Wednesday, January 31
Experts testify they can't be sure

WAUKESHA, Wis. -- Injuries found on a teenager who accuses former Green Bay Packers tight end Mark Chmura of sexually assaulting her do not necessarily mean she was assaulted, two defense witnesses testified Wednesday.

Chmura's attorney, Gerald Boyle, asked Dr. Joseph Zeccardi if he thought a sexual assault occurred, based on police records and a report from a nurse who examined Chmura's accuser.

"I'm not sure I can give you a medically certain conclusion," Zeccardi said.

The teen, a former baby sitter for Chmura's two sons, says Chmura pulled her into a bathroom, pulled down her pants and had sex with her without her consent during a post-prom party at his friend Robert Gessert's Hartland, Wis., home April 9.

Chmura, 31, has pleaded innocent to third-degree sexual assault and child enticement charges, both felonies. He could face up to 40 years in prison and $20,000 in fines.

Zeccardi said Wednesday wet clothing or an ill-fitting swim suit also could have caused the redness and abrasion attributed to the alleged sexual assault.

Zeccardi is a New Jersey pediatric emergency physician who has worked with the FBI to develop procedures for sexual assault examinations.

He testified he would expect to find a similar abrasion on Chmura, but an examination immediately after Chmura's arrest April 10 found none.

Debra Donovan, the nurse who examined the teen hours after the party, has testified she found the teen's hymen was still intact.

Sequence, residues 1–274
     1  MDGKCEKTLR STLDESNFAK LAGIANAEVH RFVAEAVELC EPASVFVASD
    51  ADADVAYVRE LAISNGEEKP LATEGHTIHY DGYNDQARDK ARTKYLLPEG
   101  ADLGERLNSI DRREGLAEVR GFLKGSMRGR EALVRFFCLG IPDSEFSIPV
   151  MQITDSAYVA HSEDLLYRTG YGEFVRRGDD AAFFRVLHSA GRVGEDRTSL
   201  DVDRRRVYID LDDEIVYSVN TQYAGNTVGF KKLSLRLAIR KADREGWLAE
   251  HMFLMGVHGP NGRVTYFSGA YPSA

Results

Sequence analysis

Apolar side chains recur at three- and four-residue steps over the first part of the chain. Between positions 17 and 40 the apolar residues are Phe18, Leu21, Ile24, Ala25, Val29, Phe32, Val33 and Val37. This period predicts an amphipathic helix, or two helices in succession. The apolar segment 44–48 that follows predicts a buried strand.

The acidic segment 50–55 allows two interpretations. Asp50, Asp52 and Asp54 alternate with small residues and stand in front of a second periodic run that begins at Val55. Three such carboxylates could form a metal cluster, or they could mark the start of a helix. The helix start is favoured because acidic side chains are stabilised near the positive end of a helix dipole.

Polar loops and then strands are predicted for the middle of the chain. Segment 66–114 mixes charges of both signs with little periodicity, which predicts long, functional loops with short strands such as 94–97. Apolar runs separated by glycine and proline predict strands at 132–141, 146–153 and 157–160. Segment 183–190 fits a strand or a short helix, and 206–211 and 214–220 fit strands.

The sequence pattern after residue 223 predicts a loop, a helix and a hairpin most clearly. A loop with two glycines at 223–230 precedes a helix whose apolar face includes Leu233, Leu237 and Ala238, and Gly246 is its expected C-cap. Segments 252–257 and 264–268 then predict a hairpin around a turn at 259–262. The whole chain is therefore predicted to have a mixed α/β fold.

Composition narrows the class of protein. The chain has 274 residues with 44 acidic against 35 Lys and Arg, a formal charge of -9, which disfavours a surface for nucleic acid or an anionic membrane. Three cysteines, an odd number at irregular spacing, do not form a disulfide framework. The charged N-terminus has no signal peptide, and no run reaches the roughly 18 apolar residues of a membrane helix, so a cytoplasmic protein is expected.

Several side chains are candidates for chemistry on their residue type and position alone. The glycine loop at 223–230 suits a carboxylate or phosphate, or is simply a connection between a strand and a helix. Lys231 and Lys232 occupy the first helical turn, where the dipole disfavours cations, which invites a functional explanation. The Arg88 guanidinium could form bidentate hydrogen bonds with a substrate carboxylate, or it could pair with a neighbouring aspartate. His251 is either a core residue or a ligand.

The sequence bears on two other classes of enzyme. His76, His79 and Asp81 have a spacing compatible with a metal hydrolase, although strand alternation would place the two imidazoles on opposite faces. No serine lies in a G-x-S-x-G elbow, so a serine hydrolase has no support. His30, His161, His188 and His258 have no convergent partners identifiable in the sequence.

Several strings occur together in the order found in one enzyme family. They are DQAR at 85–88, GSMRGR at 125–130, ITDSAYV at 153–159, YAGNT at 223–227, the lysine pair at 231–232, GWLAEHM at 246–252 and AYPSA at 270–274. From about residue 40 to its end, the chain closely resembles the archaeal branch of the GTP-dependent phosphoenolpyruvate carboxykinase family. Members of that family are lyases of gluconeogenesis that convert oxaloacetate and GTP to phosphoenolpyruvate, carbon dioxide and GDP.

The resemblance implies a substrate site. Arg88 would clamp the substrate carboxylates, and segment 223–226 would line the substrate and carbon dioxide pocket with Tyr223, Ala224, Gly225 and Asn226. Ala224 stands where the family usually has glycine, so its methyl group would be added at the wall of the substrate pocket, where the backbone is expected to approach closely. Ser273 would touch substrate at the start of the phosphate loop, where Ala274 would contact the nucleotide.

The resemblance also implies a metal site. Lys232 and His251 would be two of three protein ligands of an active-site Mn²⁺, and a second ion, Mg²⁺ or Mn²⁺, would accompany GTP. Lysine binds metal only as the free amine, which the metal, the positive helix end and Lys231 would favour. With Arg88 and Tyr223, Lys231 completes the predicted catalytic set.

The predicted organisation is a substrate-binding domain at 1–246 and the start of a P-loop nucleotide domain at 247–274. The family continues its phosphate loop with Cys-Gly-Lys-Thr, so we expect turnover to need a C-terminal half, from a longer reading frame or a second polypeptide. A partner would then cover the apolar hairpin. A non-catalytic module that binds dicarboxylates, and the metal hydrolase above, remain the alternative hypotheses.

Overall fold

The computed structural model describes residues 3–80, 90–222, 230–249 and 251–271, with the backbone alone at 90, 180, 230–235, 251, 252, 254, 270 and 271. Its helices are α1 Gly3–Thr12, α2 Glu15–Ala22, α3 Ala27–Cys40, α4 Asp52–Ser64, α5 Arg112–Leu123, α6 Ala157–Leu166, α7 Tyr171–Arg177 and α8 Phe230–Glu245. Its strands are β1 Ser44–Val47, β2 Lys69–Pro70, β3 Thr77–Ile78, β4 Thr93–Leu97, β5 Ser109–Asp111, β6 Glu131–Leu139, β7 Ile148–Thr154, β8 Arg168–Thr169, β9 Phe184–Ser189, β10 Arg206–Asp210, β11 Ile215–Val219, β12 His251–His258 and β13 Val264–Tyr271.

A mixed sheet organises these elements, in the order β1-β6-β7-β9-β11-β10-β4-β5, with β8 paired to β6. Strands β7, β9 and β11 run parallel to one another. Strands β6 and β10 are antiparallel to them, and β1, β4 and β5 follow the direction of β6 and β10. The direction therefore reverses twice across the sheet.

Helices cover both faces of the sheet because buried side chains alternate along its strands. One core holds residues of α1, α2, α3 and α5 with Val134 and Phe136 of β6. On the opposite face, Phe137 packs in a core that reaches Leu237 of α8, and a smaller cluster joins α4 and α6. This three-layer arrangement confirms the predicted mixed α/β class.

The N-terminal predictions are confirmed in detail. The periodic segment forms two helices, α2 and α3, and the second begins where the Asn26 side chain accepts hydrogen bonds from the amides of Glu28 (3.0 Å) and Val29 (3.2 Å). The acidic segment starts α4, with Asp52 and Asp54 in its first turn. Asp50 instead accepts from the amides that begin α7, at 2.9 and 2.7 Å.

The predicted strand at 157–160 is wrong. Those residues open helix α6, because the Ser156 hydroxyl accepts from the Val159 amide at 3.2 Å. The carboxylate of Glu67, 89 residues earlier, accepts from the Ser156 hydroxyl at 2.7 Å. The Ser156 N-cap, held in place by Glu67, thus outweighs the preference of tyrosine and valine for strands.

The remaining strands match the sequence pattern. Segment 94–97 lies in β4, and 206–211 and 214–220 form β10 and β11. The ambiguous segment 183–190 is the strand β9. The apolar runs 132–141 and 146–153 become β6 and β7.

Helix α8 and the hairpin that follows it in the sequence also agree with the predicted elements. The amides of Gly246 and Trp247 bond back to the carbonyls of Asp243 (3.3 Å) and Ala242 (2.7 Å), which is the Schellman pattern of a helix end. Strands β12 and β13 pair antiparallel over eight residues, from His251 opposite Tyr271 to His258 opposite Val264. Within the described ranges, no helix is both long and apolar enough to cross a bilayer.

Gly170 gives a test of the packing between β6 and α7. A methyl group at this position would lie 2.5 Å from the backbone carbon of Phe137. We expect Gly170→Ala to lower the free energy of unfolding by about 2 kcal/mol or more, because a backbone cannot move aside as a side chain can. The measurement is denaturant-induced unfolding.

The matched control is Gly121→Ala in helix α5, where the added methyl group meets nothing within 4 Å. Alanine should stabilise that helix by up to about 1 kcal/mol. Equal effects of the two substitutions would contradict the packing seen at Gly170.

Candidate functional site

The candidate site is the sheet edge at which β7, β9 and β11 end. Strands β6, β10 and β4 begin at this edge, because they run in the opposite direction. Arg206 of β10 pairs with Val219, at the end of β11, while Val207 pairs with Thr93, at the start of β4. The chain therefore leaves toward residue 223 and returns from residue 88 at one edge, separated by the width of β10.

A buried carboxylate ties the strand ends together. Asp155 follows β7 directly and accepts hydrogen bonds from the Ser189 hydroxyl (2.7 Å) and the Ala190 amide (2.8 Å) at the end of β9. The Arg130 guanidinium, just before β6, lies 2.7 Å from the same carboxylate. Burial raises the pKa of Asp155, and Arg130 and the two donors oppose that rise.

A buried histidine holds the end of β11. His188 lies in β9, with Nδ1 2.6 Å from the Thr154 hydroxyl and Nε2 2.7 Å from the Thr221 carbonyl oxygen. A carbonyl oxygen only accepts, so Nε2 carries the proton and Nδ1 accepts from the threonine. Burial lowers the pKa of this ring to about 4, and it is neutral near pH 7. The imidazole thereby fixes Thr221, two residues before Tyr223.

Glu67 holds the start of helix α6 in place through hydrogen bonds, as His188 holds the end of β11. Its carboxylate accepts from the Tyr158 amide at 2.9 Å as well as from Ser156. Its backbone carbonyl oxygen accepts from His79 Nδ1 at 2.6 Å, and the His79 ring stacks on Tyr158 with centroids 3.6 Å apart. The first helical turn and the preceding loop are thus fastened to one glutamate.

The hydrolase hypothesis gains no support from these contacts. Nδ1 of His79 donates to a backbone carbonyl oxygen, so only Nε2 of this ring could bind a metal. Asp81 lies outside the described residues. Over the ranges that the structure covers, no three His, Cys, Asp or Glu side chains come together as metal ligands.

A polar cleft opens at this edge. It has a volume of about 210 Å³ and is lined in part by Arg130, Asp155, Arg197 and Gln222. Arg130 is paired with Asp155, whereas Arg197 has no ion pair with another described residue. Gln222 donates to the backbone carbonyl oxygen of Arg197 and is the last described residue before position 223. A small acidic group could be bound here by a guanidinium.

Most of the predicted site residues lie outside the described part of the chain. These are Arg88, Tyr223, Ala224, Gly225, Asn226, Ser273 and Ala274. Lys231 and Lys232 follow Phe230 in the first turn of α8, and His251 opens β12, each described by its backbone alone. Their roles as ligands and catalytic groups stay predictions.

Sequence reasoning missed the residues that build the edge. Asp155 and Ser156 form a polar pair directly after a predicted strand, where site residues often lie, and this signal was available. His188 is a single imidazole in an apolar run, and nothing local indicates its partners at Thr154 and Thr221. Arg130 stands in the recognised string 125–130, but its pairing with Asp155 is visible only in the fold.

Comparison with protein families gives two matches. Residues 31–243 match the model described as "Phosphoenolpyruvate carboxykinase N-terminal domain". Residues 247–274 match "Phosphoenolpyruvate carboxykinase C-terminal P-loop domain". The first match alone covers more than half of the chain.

Zeccardi said he would expect the hymen to tear during a short and sudden assault such as Chmura's accuser has described.

Page Verlander, a supervisor of sexual assault nurse examiners at a Virginia hospital, also testified she couldn't be sure whether a sexual assault occurred.

Verlander said she would have expected Chmura's accuser to have more injuries.

Verlander also said she would have done a more thorough exam of the teen, searching for saliva containing DNA and also applying dye to the injuries that would have highlighted tears or cuts.

Both Verlander and Zeccardi also testified that Donovan should not have written in her report that Chmura's accuser's injuries were consistent with sexual assault.

"I would counsel that individual that I didn't feel we should be drawing conclusions," Zeccardi said.

During cross-examination, Waukesha County District Attorney Paul Bucher asked Zeccardi if he was aware many nurses make judgments because they are obligated to tell police if they think an assault has occurred.

Zeccardi said he didn't believe that.

Chmura, a three-time Pro Bowl selection, joined the Packers in 1992 out of Boston College. He appeared in two Super Bowls with Green Bay, but missed most of the 1999 season with a neck injury. The team cut him in June after he was charged.

An 18-year-old woman has accused Gessert of fondling her in a hot tub at the party.

Gessert has pleaded innocent to second-degree sexual assault and fourth-degree sexual assault. His trial is scheduled for March. If convicted he faces up to 30 years and nine months in prison and up to $20,000 in fines.

Chmura's accuser denies fabricating sexual assault